“Let It Be” offered a “heads up” message for Beatles fans worldwide: The group is breaking up, and nothing can stop its eventual demise.

Those in the know really weren’t surprised. John Lennon, enamored with Yoko Ono, had basically lost interest in the band. George Harrison’s spiritual studies had brought him a whole other life. Ringo Starr was developing a film career and enjoyed becoming his own man.

Only Paul McCartney was in agony — he admitted to feeling insecure and wounded — about holding history’s most important rock band together.

In McCartney’s official biography, Many Years from Now, he told writer Barry Miles, “One night during this tense time, I had a dream I saw my mum, who’d been dead 10 years or so. And it was so great to see her, because that’s a wonderful thing about dreams: You actually are reunited with that person for a second …

“It was so wonderful for me, and she was very reassuring. In the dream she said, ‘It’ll be all right.’ … So that got me writing the song ‘Let It Be.’ … The song was based on that dream.”

Many listeners interpreted McCartney’s lyrics as a Virgin Mary reference. Had McCartney meant for his song to be quasi-religious?

“You can take it that way. I don’t mind. I’m quite happy if people want to use it to shore up their faith … I think it’s a great thing to have faith of any sort, particularly in the world we live in.”

Mary McCartney had been a devout Catholic who had McCartney and his younger brother, Michael, christened in her religion, although neither stayed involved in Catholicism later as teenagers or adults.

“Let It Be” was recorded in January 1969, during the sessions for The Beatles (better known as The White Album), with final touches added to the tune in January 1970.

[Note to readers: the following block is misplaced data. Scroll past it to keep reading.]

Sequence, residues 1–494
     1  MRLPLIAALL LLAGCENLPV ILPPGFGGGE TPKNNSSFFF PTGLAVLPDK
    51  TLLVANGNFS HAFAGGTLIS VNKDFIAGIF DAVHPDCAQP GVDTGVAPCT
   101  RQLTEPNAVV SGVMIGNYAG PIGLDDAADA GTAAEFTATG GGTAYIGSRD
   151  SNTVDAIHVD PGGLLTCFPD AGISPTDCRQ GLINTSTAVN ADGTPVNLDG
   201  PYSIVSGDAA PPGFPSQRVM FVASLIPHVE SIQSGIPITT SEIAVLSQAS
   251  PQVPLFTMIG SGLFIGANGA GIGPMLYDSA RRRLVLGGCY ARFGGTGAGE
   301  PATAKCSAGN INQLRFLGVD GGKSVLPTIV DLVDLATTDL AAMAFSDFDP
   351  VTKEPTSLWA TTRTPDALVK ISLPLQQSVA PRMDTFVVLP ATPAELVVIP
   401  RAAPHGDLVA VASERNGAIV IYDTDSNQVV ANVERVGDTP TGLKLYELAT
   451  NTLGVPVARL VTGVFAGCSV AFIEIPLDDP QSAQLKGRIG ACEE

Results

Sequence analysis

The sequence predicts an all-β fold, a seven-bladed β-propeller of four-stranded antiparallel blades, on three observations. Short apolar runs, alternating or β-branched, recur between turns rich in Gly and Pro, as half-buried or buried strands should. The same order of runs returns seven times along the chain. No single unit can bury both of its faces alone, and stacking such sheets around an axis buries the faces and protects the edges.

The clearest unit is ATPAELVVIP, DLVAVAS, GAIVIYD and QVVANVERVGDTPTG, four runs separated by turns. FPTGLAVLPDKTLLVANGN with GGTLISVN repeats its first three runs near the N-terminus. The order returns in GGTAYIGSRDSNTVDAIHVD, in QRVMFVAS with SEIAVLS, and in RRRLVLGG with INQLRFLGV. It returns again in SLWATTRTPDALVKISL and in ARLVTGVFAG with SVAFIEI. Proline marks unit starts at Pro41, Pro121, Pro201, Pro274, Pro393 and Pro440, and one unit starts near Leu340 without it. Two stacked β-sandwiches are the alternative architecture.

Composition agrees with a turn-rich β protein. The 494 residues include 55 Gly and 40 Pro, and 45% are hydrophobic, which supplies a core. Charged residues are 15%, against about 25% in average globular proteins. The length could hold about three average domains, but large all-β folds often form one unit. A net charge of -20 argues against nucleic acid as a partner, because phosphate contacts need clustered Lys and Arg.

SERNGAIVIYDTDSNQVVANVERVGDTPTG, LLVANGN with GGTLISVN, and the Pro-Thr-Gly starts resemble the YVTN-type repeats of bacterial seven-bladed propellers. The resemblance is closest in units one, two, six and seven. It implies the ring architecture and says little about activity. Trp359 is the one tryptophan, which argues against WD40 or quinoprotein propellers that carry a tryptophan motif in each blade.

McCartney was backed on the song by the other three Beatles, as well as organ/piano superstar Billy Preston and McCartney’s wife, Linda, as an uncredited vocalist. Uncredited also were two trumpeters, two trombonists, a sax player, and a cellist.

“Let It Be” would, of course, also become the name of the final album of the Beatles’ career.

Aretha Franklin, the Queen of Soul, released her own version concurrently with that of the Beatles; Franklin’s version never charted, though, while the Beatles’ original hit the top of the singles charts.

The tune has lived on in interesting ways. Sesame Street used it as a song called “Letter B,” with McCartney’s lyrics altered to list words that begin with B. Ike and Tina Turner, Joan Baez, and John Denver would later cover the classic as album tracks.

“Let It Be” was played at Linda McCartney’s funeral in 1998.

“Looking back on all the Beatles’ work, I’m very glad that most of it was positive and has been a positive force,” McCartney once said. “I always find it very fortunate that most of our songs were to do with peace and love, and encourage people to do better and to have a better life.”


Randal C. Hill is a rock ’n’ roll historian who lives at the Oregon coast. He may be reached at wryterhill@msn.com.

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